sexta-feira, 23 de novembro de 2007

'The Queen's Hinglish' gains in India

"I believe this happy blend of Hindi and English will become a globally accepted form of English in 20 years or so," John said. "More and more people will use it without fear of being laughed at. We are not afraid of speaking in the way that we want to anymore. There is no longer any fear of grammatical puritans coming and telling us it should not be like that."

In "The Queen's Hinglish," another recent book on the theme, Baljinder K. Mahal writes that more people speak English in South Asia than in Britain and North America combined, with India alone accounting for more than 350 million English speakers.

"Although the practice was previously frowned upon by purists, people there are becoming more and more comfortable with mixing words from languages such as Hindi, Urdu, Punjabi with English," she writes. "This means that Hinglish, as this modern blend of standard English, Indian English and South Asian languages is popularly known, could soon become the most widely spoken form of English on earth."

She predicts that words like prepone (the opposite of postpone, to bring forward), or airdash (to travel by plane at short notice) or eve-teasing (for sexual harassment) could spread internationally.

"The purists - as they always do - have lost the battle," she writes. "Hinglish, once seen as the lingo of the uneducated masses, is now trendy - the language of the movers and shakers."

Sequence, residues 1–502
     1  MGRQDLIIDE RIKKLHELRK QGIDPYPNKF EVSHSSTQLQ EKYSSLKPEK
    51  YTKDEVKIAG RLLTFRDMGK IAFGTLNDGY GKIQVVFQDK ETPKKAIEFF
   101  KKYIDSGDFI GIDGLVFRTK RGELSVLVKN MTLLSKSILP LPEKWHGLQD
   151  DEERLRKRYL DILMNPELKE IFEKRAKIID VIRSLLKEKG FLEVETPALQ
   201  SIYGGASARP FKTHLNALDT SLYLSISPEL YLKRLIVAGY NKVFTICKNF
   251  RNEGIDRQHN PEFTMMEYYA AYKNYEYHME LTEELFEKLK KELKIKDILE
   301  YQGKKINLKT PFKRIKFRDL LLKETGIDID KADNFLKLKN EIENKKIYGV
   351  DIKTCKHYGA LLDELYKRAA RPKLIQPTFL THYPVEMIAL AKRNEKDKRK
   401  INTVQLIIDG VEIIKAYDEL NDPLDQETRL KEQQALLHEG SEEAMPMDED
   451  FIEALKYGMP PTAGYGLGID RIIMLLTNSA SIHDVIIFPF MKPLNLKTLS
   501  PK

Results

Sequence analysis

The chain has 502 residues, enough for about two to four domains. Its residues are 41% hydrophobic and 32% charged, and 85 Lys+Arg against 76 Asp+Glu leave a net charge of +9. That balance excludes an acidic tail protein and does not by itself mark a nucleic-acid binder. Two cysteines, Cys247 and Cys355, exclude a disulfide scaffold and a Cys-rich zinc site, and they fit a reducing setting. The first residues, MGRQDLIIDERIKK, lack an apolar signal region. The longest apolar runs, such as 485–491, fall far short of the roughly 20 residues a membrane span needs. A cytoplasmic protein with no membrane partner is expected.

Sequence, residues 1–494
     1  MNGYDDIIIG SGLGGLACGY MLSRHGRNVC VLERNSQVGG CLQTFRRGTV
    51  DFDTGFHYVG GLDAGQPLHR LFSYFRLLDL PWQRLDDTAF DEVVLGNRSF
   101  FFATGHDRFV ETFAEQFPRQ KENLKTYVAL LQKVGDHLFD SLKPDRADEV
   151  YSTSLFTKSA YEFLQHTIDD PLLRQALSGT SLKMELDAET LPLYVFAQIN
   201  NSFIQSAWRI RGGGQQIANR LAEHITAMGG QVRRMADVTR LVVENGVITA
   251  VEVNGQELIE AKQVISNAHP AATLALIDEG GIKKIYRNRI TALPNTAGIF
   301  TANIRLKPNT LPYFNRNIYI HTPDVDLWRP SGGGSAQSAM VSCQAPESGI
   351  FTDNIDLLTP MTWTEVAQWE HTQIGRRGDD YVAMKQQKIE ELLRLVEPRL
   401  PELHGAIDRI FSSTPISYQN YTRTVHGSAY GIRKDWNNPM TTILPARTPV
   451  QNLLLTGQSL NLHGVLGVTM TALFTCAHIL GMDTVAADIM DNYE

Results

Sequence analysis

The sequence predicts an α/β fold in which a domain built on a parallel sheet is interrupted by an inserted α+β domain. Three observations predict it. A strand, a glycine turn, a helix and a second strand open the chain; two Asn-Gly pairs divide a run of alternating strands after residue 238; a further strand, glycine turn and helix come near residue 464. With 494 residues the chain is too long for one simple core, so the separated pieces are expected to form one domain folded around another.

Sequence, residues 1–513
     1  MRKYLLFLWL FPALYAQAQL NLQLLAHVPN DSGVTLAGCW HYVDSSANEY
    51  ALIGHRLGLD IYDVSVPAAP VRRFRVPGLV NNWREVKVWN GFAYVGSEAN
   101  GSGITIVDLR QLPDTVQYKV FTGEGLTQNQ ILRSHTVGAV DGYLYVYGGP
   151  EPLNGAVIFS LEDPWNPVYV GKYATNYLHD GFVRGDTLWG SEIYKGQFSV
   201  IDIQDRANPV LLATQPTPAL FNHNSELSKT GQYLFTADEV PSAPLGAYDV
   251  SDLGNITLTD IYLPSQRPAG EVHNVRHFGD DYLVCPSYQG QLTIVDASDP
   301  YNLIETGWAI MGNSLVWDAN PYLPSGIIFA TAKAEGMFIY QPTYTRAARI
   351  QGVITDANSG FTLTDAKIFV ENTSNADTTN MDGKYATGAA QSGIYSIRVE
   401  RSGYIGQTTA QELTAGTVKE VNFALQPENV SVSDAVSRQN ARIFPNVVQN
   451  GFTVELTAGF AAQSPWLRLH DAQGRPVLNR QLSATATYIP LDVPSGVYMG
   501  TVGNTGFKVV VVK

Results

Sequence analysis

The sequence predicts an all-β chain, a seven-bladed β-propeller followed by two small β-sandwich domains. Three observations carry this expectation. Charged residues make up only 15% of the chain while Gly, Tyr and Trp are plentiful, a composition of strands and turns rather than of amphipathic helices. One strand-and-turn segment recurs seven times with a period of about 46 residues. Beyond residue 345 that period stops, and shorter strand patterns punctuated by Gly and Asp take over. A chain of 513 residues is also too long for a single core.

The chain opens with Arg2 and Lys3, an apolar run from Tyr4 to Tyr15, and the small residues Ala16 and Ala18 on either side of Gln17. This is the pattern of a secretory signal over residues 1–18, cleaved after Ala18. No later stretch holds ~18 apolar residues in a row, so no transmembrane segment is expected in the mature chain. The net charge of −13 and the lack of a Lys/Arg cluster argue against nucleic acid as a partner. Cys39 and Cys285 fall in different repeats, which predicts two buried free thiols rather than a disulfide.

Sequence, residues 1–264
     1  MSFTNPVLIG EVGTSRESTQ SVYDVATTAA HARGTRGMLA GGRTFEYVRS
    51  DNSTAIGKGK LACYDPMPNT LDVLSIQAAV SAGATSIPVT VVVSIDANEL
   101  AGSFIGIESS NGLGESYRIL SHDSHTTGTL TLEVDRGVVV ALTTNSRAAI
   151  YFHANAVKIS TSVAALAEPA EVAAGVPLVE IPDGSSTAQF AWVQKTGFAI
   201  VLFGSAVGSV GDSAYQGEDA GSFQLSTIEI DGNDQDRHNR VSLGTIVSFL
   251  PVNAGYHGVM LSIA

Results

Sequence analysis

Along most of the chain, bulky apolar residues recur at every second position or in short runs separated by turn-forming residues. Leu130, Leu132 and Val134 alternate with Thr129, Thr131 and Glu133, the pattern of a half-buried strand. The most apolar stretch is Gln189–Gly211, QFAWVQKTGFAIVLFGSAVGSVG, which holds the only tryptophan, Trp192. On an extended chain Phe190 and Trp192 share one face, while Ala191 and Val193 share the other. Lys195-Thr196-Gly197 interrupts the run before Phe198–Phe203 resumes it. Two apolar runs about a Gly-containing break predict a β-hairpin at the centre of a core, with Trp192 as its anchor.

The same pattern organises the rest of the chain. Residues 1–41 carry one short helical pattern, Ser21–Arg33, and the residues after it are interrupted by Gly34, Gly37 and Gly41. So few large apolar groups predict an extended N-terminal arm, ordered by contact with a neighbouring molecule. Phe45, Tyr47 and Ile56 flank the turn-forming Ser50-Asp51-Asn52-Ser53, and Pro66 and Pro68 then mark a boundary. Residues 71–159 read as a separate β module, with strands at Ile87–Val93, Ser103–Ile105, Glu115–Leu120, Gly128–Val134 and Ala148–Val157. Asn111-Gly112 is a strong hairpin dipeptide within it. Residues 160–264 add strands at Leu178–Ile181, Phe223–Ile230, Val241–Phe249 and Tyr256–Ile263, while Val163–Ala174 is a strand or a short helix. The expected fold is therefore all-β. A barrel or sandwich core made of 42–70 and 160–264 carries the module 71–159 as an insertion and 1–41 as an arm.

Vaishna Narang, a professor of linguistics at Delhi's JNU University, said the shift was noticeable.

"People used to attach a snob value to British English and received pronunciation. Today no one bothers about that. We are much more concerned about a functional English," she said.

3 comentários:

  1. In Goa we have portugoes -vam comer comida de meio dia-
    I prefer Hinglish.It is so sweet.

  2. Igualmente interessante (talvez mais sociologicamente do que linguisticamente): "Nós somos de boas famílias, somos b e aquela é s". Para quando um estudo sobre o português na Goa de hoje?

  3. A ser feíto, esse estudo tem de ser para ontem. É que as novas gerações já não falam português.
    Um investigação linguística com o olho em Goa, mas também em Damão em Diu, não?